Safe and dry at last

Lifelong New Orleans resident Gregory Johnson saw his hometown turn

into what seemed like a war zone whose inhabitants did all they could

to just stay alive.

In the days following Hurricane Katrina slamming into the city,

the 23-year-old truck driver experienced a sense of disbelief as he

saw his neighbors left behind as other residents were able to get


"At nighttime, the only lights we had were the gunshots," Johnson

said. "You couldn't take a wrong turn or you might end up in some

water that you can't get out of."

Johnson was among 90 of the hurricane's refugees brought to Los

Angeles via private corporate jets landing at Burbank's Bob Hope

Airport. They were then taken by bus to the Dream Center, a

Christian-based shelter and assistance center operated out of the

former Queen of Angels Hospital in Echo Park..

The Dream Center is expecting between 250 and 300 refugees from

hurricane-ravaged areas in Louisiana by the end of the week, said

David Hanley, a pastor and spokesman for the center.

Thousands are feared dead in areas hit by the hurricane, which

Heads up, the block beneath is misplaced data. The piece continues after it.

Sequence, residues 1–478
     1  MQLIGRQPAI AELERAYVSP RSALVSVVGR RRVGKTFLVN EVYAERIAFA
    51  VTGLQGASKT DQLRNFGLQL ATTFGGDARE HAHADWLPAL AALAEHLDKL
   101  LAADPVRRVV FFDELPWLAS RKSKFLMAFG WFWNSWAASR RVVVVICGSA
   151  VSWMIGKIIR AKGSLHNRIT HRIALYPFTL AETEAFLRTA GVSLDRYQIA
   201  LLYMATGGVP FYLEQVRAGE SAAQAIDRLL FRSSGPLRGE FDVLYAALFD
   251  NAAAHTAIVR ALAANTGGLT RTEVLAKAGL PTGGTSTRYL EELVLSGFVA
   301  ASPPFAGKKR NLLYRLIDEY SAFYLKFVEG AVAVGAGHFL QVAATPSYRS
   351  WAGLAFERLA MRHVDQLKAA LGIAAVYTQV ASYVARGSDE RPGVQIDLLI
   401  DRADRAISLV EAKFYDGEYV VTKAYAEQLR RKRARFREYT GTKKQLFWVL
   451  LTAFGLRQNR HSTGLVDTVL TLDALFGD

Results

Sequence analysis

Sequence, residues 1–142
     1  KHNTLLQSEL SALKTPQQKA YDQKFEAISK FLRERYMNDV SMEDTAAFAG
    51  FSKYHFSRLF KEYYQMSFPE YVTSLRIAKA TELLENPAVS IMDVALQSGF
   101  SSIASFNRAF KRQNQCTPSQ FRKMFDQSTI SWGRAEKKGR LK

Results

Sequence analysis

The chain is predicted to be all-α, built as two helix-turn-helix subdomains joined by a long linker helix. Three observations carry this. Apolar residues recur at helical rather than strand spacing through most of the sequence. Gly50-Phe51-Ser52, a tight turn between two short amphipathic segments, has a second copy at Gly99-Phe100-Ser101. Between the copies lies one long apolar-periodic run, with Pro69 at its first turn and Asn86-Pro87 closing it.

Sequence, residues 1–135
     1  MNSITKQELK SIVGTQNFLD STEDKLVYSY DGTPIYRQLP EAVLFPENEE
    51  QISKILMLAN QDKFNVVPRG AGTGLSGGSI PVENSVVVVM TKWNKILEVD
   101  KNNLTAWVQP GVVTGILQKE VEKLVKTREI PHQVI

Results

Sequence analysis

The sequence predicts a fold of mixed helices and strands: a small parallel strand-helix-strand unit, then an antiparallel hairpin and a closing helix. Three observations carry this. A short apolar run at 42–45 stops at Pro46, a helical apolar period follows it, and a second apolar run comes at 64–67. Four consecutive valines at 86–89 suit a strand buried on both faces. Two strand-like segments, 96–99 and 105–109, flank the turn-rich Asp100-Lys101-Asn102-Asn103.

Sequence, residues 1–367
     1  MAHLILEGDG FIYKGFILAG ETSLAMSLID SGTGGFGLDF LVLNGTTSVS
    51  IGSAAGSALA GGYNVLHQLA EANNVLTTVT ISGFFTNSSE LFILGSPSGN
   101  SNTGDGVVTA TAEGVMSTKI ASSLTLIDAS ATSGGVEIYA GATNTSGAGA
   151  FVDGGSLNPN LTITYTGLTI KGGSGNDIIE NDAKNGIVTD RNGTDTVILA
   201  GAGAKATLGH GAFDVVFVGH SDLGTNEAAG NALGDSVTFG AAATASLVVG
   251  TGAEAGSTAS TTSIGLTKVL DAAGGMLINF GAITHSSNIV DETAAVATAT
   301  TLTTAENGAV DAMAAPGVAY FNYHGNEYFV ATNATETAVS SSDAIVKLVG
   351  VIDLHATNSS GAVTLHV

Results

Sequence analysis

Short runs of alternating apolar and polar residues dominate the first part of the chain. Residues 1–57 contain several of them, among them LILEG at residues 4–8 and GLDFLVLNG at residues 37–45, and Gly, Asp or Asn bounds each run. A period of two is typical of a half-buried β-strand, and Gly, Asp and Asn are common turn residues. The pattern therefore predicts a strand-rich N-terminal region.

ripped through the Gulf Coast on Aug. 29 with 145-mph winds. Many are

still missing, and the damage caused has been estimated to top $100


The flights to Bob Hope are being coordinated by Missouri-based

Lion Heart Aviation Group. The planes are being made available by

members of the National Business Aircraft Assn.

"It's the richest of the rich deciding to help the poorest of the

poor," Lion Heart Aviation owner Carrie Walegir said.

Elaine West, a New Orleans resident who arrived at the Dream

Center on Sunday morning has no intention of returning to Louisiana.

"I just want to rest and volunteer and help," said West, a retired

supervisor at a candy company. "I want to volunteer my services. You

never know when something like this will be coming again."

Normally serving a clientele of homeless, the working poor, gang

members and parolees, the Dream Center took in the New Orleans

refugees after a call for assistance came from a church in Louisiana.

Services for the usual clientele of job assistance and schooling

will also be offered to the refugees, who will be allowed to stay at

the Dream Center for as long as they need, Hanley said.

"We'll help them get back on their feet," Hanley said.

It's an offer welcomed by Johnson, who likes that the center keeps

its residents active and provides him with a clean shower and three

meals a day.

"I'm just glad it's over with," Johnson said of the ordeal he

faced in New Orleans. "I'll be able to tell my grandchildren stories

about how I got to the West Coast."

* MARK MADLER covers City Hall and the courts. He may be reached

at (818) 637-3242 or by e-mail at

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